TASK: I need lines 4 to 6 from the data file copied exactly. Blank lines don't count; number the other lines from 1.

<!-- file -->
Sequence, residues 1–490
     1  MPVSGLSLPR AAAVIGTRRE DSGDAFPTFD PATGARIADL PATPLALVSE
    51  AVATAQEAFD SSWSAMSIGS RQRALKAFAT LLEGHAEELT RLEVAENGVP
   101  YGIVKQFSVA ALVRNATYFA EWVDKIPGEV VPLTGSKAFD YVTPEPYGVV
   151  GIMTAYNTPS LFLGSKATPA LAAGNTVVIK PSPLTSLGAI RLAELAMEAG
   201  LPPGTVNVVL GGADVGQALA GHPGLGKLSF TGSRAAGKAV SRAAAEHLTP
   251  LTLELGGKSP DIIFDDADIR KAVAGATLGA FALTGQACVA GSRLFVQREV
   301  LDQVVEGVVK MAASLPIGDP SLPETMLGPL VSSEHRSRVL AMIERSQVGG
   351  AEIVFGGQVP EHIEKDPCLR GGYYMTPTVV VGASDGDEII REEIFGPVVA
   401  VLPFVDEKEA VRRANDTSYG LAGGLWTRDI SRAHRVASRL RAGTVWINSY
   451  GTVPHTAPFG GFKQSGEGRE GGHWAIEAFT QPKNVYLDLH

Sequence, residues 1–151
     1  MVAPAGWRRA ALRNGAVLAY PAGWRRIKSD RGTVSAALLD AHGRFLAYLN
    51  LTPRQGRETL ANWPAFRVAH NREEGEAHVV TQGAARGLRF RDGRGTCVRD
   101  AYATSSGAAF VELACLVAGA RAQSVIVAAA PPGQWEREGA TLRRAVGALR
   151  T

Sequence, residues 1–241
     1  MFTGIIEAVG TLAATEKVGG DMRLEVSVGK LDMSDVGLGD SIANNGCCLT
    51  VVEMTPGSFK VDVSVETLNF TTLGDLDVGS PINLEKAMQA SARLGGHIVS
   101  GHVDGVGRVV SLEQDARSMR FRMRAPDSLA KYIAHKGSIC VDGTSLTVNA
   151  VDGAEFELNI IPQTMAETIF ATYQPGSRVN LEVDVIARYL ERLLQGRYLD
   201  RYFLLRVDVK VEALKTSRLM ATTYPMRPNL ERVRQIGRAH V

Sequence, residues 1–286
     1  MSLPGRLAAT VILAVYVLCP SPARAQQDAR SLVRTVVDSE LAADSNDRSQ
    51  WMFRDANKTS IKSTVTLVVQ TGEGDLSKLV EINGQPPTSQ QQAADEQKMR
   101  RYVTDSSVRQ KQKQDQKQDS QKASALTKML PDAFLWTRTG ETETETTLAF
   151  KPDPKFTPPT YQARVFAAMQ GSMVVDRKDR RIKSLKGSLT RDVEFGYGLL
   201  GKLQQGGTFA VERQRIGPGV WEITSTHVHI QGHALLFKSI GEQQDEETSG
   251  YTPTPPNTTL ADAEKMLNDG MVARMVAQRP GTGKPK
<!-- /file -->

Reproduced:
   101  YGIVKQFSVA ALVRNATYFA EWVDKIPGEV VPLTGSKAFD YVTPEPYGVV
   151  GIMTAYNTPS LFLGSKATPA LAAGNTVVIK PSPLTSLGAI RLAELAMEAG
   201  LPPGTVNVVL GGADVGQALA GHPGLGKLSF TGSRAAGKAV SRAAAEHLTP